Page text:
2.Tang, X., Wu, C., Li, X., Song, Y., Yao, X., Wu, X., Duan, Y., Zhang, H., Wang, Y., Qian, Z. and Cui, J., 2020. “On the origin and continuing evolution of SARS-CoV-2”. National Science Review.

3.Williams, D.R. and Cooper, L.A., 2020. “COVID-19 and health equity—a new kind of “herd immunity””. JAMA 321(15) 1423-36

4.Fehr, A.R. and Perlman, S., 2015. “Coronaviruses: an overview of their replication and pathogenesis. In Coronaviruses (pp. 1-23)”. Humana Press, New York, NY.

5.Ong, S.W.X., Tan, Y.K., Chia, P.Y., Lee, T.H., Ng, O.T., Wong, M.S.Y. and Marimuthu, K., 2020. “Air, surface environmental, and personal protective equipment contamination by severe acute respiratory syndrome coronavirus 2 (SARS-CoV-2) from a symptomatic patient”. JAMA 323(16), pp.1610-1612.

6.Kampf, G., Todt, D., Pfaender, S. and Steinmann, E., 2020. “Persistence of coronaviruses on inanimate surfaces and their inactivation with biocidal agents”. Journal of Hospital Infection, 104(3), pp.246-251.

7.Giacomelli, A., Pezzati, L., Conti, F., Bernacchia, D., Siano, M., Oreni, L., Rusconi, S., Gervasoni, C., Ridolfo, A.L., Rizzardini, G. and Antinori, S., 2020. “Self-reported olfactory and taste disorders in patients with severe acute respiratory coronavirus 2 infection: a cross-sectional study”. Clinical Infectious Diseases;3,pp 37-42

8.World Health Organization, 2020. “Considerations for the provision of essential oral health services in the context of COVID-19”. Interim Guidance, 3 August 2020, 3, pp.1-5.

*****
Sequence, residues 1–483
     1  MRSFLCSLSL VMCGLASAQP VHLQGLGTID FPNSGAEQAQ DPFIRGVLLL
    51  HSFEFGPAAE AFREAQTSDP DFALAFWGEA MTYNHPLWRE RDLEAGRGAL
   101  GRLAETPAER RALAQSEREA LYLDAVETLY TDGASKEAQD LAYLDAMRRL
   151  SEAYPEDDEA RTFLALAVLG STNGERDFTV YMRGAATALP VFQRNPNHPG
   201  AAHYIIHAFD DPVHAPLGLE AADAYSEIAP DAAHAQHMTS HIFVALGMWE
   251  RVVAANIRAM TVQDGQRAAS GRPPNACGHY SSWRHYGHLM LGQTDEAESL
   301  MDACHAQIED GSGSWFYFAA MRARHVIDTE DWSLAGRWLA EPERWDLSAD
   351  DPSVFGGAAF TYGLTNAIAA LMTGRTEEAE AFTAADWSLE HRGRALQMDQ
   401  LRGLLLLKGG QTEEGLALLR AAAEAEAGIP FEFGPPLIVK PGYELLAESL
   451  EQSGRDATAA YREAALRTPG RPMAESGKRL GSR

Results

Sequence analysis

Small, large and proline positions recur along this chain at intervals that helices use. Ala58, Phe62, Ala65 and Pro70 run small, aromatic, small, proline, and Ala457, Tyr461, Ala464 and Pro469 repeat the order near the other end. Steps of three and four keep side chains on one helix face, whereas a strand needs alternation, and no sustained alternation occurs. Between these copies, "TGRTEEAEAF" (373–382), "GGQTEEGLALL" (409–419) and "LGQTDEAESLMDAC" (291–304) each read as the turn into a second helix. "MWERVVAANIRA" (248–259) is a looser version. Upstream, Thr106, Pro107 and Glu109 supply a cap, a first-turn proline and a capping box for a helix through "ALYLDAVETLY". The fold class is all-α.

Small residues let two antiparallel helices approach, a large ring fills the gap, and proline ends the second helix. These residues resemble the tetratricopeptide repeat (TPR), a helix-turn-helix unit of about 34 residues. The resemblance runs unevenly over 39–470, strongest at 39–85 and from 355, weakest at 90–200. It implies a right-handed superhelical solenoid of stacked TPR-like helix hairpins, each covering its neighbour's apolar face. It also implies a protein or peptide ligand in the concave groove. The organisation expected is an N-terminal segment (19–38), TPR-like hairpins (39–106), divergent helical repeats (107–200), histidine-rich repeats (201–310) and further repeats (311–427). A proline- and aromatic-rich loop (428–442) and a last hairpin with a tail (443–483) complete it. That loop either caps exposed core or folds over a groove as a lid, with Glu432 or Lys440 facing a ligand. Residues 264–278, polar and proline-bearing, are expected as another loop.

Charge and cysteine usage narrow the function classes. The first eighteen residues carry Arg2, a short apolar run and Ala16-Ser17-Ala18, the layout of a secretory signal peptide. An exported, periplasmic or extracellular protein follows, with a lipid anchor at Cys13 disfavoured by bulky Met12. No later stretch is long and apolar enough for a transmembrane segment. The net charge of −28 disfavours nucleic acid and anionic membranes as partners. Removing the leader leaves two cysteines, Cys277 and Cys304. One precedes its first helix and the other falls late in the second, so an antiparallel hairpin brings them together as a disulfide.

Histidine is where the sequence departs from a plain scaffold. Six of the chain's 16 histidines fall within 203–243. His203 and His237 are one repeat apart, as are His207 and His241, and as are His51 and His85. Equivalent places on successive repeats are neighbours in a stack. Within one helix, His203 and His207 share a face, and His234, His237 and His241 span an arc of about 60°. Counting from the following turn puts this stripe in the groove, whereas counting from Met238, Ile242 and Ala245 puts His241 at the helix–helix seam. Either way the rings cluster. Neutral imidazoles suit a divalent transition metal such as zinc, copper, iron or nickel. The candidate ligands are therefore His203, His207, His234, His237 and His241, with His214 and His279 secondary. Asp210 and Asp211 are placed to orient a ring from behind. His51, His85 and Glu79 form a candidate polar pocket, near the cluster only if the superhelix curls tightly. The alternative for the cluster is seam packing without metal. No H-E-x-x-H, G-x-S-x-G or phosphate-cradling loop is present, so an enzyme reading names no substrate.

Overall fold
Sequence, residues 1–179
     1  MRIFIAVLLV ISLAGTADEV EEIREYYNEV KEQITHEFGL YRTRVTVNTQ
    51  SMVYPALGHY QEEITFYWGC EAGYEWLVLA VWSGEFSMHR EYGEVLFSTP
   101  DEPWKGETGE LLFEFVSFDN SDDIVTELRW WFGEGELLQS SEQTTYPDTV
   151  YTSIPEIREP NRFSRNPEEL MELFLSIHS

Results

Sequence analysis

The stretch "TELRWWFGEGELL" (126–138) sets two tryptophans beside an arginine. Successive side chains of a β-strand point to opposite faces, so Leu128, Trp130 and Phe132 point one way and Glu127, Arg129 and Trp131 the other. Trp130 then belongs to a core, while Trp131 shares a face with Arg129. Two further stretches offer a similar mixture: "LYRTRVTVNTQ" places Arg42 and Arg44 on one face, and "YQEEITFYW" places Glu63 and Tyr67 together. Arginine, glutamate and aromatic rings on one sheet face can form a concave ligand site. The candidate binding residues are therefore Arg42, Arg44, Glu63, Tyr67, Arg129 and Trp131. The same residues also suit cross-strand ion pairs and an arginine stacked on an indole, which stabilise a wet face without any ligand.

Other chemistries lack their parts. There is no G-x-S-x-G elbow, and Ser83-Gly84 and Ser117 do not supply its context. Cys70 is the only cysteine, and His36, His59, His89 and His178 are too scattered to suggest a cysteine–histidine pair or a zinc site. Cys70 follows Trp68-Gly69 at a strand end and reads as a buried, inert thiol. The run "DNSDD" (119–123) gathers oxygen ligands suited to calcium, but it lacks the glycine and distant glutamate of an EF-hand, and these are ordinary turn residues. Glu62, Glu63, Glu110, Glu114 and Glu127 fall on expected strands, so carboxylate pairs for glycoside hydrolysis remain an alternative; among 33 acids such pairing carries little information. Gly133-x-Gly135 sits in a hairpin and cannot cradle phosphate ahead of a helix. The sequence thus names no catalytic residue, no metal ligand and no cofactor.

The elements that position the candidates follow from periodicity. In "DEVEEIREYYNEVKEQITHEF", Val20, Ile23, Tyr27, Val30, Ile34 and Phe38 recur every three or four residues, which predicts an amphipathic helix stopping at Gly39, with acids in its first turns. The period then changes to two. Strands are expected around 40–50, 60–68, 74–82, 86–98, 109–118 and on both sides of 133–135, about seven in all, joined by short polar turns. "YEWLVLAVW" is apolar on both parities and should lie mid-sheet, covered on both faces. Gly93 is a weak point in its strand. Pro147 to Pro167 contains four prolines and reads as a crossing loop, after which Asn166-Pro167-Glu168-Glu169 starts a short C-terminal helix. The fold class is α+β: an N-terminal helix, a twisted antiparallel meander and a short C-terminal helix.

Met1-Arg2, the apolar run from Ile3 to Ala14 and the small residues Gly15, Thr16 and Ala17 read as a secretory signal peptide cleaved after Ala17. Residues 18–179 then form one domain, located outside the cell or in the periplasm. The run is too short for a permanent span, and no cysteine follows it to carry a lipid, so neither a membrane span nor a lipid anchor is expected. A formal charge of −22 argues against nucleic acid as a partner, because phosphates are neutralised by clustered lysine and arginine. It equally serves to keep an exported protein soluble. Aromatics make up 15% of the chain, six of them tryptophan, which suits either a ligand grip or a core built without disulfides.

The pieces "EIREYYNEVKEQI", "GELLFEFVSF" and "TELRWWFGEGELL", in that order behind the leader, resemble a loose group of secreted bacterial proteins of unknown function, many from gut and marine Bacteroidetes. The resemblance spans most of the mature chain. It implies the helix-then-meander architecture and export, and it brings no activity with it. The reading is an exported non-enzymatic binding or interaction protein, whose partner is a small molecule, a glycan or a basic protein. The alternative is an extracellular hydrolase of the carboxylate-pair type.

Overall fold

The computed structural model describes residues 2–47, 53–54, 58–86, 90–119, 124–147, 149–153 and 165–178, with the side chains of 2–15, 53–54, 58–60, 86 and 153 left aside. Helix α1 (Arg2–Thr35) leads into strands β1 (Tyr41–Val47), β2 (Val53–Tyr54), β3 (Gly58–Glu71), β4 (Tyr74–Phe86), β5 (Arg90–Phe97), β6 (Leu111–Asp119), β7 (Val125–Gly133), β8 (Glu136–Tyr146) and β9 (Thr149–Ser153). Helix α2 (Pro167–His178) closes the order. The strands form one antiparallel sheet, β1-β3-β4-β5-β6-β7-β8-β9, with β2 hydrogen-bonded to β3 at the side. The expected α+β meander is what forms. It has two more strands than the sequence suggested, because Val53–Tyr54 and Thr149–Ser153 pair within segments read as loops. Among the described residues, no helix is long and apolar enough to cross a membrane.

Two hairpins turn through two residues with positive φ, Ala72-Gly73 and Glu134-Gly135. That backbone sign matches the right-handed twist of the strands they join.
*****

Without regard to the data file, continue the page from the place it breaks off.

9.Ather, A., Patel, B., Ruparel, N.B., Diogenes, A. and Hargreaves, K.M., 2020. “Coronavirus disease 19 (COVID-19): implications for clinical dental care”. Journal of endodontics.

10.Alharbi, A., Alharbi, S. and Alqaidi, S., 2020. “Guidelines for dental care provision during the COVID-19 pandemic”. The Saudi Dental Journal.

11.Barabari P, Moharamzadeh K. “Novel Coronavirus (COVID-19) and Dentistry-A Comprehensive Review of Literature”. Dent J. 2020 May 21;8(2).

12.Turkistani, K.A., 2020. “Precautions and recommendations for orthodontic settings during the COVID-19 outbreak: A review”. American Journal of Orthodontics and Dentofacial Orthopedics.4;156-176

13.World Health Organization. “WHO guidelines on hand hygiene in health care. A Report”

14.Gupta, S., Singh, G., Bansal, N., “COVID-19 pandemic and prevention and the role of orthodontists”, Lambert Academic Publishing, 28th November, 2020.


Volume 2 Issue 1 January 2021

©All rights reserved by Suharika Aavula